The spring gardening season will be here soon and I am giddy with anticipation, itching to plant and obsessed with the weather forecast. January is normally our coldest month of the year yet it has come and gone and now February, a month that can bring snow and sleet and 80°F days, even in the same week, is halfway over…and my winter coat still hangs at the ready, unworn.

soil-thermometer

Gauge planting time by soil temperature rather than air temperature.

The current 14 day forecast for Central Texas shows a string of 60-80F° days with nights in the 40s and 50s. The weather screams, “It’s warm and sunny, come outside, plant some seeds!” But at this time of year soil temperature is a better gauge of when to plant than air temperature. Direct-seeded beans, cucumbers, squash and other warm-season vegetables have their best chance at germination when soil is consistently above 60°F, which usually doesn’t happen around here until early March. If planted now the seeds would likely rot or suffer multiple setbacks as they struggle to get a start in cool soil. And despite the gorgeous weather we could still get a freeze – if you have lived here long enough you know that Easter tends to be a magnet for freezing weather.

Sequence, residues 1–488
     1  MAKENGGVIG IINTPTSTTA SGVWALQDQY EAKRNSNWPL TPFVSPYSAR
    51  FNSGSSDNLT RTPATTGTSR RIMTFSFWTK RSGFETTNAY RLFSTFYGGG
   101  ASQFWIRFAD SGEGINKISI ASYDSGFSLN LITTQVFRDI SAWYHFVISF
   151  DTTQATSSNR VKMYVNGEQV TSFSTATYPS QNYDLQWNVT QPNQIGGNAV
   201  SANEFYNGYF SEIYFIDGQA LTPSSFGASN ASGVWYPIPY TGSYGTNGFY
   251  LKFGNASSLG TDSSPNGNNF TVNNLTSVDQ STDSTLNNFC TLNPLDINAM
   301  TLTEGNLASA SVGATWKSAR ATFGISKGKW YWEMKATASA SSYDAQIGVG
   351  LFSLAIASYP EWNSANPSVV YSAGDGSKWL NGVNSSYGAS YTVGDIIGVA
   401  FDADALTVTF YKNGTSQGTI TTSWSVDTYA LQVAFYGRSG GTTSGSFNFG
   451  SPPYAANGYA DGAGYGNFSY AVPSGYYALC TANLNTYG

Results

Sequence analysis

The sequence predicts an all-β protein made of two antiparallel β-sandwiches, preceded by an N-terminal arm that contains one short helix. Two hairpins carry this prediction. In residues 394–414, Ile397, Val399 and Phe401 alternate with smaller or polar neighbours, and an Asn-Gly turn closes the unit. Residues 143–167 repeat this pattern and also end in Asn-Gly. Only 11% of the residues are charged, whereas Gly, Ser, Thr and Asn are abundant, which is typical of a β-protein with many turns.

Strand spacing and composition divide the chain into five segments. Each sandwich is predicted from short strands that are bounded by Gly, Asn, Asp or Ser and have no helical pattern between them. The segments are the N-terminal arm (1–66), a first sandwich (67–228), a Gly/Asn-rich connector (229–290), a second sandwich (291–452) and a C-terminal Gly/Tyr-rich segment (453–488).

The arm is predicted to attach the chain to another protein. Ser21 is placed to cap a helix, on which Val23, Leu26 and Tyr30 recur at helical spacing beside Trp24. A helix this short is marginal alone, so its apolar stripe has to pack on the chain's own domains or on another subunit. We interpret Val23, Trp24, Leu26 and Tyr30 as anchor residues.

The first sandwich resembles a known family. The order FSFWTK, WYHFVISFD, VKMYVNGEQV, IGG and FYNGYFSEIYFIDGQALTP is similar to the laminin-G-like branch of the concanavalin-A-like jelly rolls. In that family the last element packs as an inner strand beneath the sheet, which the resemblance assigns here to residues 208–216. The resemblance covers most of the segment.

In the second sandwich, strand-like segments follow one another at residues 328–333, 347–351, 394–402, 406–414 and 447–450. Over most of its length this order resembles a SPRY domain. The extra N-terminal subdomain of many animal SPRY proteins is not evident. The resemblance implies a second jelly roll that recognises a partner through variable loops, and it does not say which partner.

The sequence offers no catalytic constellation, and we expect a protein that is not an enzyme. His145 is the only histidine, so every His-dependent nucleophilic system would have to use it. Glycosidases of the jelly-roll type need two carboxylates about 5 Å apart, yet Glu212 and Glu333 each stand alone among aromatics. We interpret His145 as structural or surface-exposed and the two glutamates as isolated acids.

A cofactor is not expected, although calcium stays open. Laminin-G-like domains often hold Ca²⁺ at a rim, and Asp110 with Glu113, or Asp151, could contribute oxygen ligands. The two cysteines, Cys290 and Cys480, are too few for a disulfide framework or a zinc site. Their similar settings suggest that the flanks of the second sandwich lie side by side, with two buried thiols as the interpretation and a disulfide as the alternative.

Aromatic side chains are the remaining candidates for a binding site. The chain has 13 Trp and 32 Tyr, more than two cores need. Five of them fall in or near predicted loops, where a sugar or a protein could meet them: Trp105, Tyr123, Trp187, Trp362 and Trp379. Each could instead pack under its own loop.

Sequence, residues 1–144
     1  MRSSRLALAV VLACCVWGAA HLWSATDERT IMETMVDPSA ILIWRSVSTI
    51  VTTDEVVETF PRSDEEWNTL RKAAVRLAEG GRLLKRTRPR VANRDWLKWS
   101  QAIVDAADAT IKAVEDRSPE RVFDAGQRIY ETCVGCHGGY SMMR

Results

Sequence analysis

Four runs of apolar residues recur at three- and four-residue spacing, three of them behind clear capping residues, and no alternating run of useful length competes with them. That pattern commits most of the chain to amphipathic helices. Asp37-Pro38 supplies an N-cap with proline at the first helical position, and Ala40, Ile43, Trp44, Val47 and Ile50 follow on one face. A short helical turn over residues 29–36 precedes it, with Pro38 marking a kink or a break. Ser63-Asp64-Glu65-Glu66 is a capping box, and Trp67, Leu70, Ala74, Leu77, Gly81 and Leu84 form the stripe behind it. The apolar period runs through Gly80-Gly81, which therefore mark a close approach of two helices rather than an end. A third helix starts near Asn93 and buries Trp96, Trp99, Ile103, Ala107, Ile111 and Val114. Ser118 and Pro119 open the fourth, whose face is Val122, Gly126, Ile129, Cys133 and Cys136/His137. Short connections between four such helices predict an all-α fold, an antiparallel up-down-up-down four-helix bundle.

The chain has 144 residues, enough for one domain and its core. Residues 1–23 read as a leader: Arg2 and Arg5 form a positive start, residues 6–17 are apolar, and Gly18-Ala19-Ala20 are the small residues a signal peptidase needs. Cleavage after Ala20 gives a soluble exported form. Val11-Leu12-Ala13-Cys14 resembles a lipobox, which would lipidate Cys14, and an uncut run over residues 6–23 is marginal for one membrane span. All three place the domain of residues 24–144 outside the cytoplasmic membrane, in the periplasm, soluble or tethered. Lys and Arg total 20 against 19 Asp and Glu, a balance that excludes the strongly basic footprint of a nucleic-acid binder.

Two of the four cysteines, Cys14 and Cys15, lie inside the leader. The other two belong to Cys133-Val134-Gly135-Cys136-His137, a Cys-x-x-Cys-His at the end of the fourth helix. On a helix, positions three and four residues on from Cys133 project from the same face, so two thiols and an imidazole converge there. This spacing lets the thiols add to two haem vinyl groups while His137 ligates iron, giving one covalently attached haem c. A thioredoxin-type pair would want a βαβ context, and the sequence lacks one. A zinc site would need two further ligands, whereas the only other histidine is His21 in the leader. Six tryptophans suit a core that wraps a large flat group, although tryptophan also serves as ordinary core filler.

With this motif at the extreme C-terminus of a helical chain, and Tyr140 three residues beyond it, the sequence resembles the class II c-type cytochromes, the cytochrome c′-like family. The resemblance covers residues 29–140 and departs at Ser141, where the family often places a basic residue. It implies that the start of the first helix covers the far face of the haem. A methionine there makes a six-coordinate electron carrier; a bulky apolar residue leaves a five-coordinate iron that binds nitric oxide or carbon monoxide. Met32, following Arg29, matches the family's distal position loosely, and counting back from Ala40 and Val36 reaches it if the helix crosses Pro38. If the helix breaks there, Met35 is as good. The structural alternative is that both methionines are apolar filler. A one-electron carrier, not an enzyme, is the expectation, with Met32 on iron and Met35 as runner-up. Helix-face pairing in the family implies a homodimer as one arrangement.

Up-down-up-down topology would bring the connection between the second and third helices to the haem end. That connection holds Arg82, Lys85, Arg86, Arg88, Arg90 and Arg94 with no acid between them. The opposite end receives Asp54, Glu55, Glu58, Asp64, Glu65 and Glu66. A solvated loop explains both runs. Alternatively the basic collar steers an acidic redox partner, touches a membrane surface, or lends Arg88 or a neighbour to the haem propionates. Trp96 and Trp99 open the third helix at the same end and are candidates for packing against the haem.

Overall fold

vegetables-in-containers

Colorful pottery and fabric pots are suitable containers for vegetables.

Planting too much or too early is a perennial conundrum in spring and it’s best to follow the forecast, monitor the soil temperature and have a plan that takes into account the space available in your garden and how long it takes a crop to reach maturity. Right now the soil in my garden hovers around 45-60°, an acceptable temperature for cool season plants like carrots, beets or broccoli. But those plants take 60-65 days to reach maturity and if planted now they will be taking up valuable space when the time comes for warm season planting next month.

container-vegetables

Lettuce and mesclun mixes grow happily in containers, large or small.